Alongside the stuffing and mashed potatoes, November traditionally turns our focus toward a helping of gratitude. Being mindful of what we are grateful for can have many benefits that impact our happiness and sense of well-being. 

Studies show that a practice of gratitude allows us to feel more resourced and fulfilled. According to psychologist David DeSteno of Northeastern University (author of Emotional Success: The Power of Gratitude, Compassion, and Pride), practicing gratitude can amplify our commitment to personal goals that require delayed gratification, make us more likely to want to give to others, and even increase our likelihood of intervening when someone is being marginalized or bullied. As social beings, giving to others, self-control, and protecting one another have all been evolutionarily beneficial and our brain chemistry actually rewards such behavior with a boost in mood. Integrating these small habit changes can allow gratitude to become a practice in our daily lives.

Notice the little things

There are so many beautiful things around us that we often take for granted. Spending a minute, several times a day to notice what is beautiful around us amplifies a sense of wellbeing. Acknowledging the breeze, a beautiful tree, the song of a bird, or the smell of our morning coffee can accentuate feelings of gratitude. This simple practice can serve as an affirmation of the goodness around us.

Make time for hobbies

Crafting, gardening, dancing, or playing an instrument are some examples of things that can help us feel immersed in the present moment. Carol Kauffman, an assistant clinical professor at Harvard Medical School said to the New York Times, “When you’re really engaged in a hobby you love, you lose your sense of time and enter what’s called a flow state, and that restores your mind and energy.”

Don’t forget how far you’ve come

Our past is filled with infinite alternate paths. Each tiny step has brought us to where we are now and taking a moment to reflect on all the near misses can shift our perspective to one of gratitude.

Watch your language

Our words frame our life. The way we choose to describe things creates a narrative that we unconsciously follow. Using positive language can reframe a situation, allowing us to see solutions and new possibilities.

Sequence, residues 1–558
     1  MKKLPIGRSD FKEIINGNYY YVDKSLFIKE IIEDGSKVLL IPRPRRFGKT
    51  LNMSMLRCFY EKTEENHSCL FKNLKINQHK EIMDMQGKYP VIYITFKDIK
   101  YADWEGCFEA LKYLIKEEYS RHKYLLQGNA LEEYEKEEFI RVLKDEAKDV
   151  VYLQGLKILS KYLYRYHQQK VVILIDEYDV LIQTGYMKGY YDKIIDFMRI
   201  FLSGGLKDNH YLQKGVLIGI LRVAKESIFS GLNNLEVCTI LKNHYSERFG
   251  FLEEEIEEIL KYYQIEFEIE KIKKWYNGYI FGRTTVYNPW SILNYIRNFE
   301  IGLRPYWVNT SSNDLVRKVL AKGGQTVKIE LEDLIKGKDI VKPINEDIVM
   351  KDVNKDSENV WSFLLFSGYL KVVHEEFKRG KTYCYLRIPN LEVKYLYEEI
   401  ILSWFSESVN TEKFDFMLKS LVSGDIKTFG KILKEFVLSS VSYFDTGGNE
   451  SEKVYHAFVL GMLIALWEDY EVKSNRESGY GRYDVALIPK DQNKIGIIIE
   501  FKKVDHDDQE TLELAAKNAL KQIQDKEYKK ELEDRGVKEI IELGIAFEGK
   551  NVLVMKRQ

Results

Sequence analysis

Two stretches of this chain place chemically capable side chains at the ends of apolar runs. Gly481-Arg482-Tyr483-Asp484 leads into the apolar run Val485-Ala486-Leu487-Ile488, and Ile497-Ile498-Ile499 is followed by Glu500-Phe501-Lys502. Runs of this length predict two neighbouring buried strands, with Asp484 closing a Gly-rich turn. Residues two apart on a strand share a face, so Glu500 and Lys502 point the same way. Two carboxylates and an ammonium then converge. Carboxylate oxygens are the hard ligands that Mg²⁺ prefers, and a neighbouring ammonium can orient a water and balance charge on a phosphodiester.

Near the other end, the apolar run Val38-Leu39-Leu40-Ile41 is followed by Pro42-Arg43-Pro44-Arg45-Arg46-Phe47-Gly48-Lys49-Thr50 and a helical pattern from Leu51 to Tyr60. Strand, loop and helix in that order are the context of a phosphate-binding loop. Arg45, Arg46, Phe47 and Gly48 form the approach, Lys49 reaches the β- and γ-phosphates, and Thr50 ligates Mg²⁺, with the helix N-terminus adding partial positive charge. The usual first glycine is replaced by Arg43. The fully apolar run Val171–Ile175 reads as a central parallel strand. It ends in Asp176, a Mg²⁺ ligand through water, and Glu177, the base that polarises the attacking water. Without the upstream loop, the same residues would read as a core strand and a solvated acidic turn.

Create a reminder ritual

Set an alarm on your phone to go off at regular intervals as a reminder to be mindful. Carry a token in your pocket that can serve to remind you to be grateful whenever you touch it. The longstanding tradition of saying Grace before a meal is a vital part of many different religious practices and provides a moment to reflect on gratitude. Whatever ritual we choose, having a reminder serves as a touchpoint that allows us to make gratitude a practice.

Meditate, breathe, get quiet, and spend time in nature

The science behind meditation is indisputable and has been found to create more resilience and to lessen anxiety. The very act of breathing consciously can change our outlook and broaden our perspective. Our lives are structured around technology which, for all its conveniences, has imposed a faster pace on the world we live in. Spending more time in nature can reset our nervous systems and make way for reflective thought.

Reach out to someone that you are grateful for

It is easy to get caught up in our busy lives and forget to keep up with people that we value. It can boost our mood to take the time to voice our thanks to those who have made a difference.

Take time to connect with your body

A walk, some yoga, a massage— there are so many ways to care for your body and to feel grateful for all it can do. Cultivating a positive mental state can have a profound impact on our health. 

Do something for someone, ideally a stranger

The ‘helper’s high’ you get when performing an act of kindness has been linked to the release of oxytocin and serotonin. It feels good, and kindness is contagious.

Smile

It is scientifically proven that your brain chemistry changes for the better when you smile. Even with a forced smile, facial muscles trigger the amygdala to release neurotransmitters which encourage an emotionally positive state of mind.

If we attach these small moments to our daily rhythm, we can fill our waking hours with a sense of wonder for all we have which optimizes our experience of being right where we are.

All photos by Claire Chapman